If you are using the enterprise edition of the database, it sounds like you could use either Streams or materialized views to replicate the data.
Streams works by asynchronously mining the redo data that is generated on the source system to find changes to the tables in question which then get delivered to the destination database using Oracle's Advanced Queues (AQ). Streams is generally the preferred architecture-- it is the newer technology, it generates less load on the source system, it doesn't involve creating any new objects in the source system and has lower latency. The downside to Streams is that there can be a decent amount of administrative work getting Streams set up and working depending on the Oracle version(s) involved.
Materialized views are an older replication technology that would also seemingly meet your needs. Materialized views work can also replicate changes but they have to do so by recording the change data in materialized view logs that are created on the tables that you want to replicate. On the source system, you'd need to create materialized view logs on the tables you want to replicate-- those logs would be automatically written to when changes are made to the table but those writes will be synchronous with the transaction so it may affect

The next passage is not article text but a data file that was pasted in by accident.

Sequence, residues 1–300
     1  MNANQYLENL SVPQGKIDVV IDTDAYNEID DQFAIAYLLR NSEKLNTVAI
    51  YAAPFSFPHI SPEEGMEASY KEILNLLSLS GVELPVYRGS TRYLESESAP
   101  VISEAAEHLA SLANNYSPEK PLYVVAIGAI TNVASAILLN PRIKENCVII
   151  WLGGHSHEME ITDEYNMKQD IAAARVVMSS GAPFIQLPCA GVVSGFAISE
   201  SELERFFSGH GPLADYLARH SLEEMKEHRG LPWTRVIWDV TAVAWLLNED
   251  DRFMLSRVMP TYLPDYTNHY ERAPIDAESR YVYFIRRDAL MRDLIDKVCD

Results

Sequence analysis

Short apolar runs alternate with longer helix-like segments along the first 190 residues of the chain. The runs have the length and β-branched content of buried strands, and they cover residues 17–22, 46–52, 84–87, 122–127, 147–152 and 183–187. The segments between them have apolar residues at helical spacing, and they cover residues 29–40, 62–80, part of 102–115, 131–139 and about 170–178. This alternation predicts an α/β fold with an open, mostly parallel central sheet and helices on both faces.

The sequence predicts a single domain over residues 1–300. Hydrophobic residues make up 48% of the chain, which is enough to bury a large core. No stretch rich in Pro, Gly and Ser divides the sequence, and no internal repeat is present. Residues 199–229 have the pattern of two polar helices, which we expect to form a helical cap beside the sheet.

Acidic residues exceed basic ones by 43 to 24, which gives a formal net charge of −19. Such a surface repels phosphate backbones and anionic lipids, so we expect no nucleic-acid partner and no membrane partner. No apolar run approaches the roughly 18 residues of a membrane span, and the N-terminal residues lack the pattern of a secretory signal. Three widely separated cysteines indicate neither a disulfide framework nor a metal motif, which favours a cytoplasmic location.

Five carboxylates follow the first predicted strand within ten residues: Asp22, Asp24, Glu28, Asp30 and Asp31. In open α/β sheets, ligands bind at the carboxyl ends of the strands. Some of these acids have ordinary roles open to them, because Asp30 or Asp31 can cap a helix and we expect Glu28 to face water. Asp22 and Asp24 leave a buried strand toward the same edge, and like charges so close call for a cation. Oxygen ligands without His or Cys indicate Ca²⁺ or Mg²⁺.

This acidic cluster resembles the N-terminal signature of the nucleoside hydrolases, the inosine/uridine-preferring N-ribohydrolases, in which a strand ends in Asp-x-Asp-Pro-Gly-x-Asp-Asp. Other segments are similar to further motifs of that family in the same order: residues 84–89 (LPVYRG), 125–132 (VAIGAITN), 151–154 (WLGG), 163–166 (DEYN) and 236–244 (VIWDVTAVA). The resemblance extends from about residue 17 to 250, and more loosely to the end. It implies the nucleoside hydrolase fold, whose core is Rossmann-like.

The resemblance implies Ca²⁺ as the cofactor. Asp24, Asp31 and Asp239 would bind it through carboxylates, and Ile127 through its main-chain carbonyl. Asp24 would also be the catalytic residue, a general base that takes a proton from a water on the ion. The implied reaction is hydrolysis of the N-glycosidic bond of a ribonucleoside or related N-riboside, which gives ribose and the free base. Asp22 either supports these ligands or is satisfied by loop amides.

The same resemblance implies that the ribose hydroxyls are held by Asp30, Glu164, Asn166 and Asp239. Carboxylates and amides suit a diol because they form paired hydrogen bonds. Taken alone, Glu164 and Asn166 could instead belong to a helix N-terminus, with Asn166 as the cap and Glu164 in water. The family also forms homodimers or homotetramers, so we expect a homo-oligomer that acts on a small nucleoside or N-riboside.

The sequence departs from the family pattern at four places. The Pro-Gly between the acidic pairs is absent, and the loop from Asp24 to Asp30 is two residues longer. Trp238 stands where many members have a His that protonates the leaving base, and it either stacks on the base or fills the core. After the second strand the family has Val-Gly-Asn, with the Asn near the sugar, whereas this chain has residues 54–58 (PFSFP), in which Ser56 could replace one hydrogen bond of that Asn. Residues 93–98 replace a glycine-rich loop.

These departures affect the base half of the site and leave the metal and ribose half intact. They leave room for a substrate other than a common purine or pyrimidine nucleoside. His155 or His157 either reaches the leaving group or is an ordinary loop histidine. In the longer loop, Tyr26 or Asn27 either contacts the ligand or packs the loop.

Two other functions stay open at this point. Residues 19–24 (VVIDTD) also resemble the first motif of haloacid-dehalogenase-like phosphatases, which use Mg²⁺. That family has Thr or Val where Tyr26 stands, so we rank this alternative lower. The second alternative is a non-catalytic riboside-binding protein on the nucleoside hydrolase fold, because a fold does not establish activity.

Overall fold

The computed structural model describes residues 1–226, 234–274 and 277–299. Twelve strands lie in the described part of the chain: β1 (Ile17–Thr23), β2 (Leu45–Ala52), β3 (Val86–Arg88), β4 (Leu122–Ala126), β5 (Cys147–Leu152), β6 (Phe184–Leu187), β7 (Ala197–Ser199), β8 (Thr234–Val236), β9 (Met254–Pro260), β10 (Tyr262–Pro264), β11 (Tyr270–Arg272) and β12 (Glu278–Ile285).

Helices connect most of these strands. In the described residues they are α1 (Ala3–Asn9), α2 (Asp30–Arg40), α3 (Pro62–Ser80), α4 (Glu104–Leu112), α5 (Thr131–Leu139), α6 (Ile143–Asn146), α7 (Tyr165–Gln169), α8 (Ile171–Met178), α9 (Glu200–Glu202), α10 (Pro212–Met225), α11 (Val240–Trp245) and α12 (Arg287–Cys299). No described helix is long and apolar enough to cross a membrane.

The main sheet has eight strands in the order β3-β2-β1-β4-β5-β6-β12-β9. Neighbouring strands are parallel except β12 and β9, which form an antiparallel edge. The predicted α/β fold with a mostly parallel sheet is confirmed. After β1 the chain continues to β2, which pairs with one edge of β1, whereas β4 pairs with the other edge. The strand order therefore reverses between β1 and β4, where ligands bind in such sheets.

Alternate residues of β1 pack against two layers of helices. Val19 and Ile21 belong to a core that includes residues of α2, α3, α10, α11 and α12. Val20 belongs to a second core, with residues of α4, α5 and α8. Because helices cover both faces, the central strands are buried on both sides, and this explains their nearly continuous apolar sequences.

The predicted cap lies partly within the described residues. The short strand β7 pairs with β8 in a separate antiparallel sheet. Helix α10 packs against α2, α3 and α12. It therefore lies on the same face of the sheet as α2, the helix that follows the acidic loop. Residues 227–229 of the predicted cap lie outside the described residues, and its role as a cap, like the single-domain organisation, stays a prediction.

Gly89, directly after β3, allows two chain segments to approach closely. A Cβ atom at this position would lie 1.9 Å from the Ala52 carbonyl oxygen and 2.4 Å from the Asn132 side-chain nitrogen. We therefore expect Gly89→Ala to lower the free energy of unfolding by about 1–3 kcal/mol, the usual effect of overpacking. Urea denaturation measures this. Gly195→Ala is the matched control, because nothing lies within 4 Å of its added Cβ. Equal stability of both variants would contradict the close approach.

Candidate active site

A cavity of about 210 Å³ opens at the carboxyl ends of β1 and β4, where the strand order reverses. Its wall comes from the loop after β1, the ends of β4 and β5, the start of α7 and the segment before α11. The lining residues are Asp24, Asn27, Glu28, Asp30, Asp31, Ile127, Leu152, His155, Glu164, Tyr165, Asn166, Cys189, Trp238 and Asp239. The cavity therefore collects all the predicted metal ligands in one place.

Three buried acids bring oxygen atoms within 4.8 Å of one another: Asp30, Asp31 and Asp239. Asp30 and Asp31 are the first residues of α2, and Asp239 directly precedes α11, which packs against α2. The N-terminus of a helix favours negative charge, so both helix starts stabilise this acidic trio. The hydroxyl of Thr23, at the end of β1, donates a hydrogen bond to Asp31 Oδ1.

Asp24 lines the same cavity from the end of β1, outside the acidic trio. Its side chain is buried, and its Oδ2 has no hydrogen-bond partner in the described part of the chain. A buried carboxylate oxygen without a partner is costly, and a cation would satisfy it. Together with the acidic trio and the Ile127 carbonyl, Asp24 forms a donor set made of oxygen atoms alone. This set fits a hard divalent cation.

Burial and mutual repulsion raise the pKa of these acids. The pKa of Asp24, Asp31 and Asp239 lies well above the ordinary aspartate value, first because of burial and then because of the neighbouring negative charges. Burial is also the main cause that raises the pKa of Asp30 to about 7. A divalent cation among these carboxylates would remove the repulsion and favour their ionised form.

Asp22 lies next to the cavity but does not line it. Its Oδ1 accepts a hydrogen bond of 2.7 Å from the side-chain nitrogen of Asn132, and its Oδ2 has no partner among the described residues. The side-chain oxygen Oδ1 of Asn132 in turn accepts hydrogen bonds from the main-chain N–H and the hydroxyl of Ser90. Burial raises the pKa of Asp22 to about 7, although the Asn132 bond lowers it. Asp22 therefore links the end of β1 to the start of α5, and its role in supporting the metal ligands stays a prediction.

UPDATE performance. On the destination side, you would then create a materialized view that did an incremental refresh on a set schedule (i.e. every few minutes) that would read the data from the materialized view logs, pull the data over the network, and update the materialized view's copy of the data. Materialized views tend to be easier to set up but they're not as efficient and the requirement of creating materialized view logs in the source database can be a point of contention.
Either solution is relatively easy to shut down in 2 months when you no longer need the replication.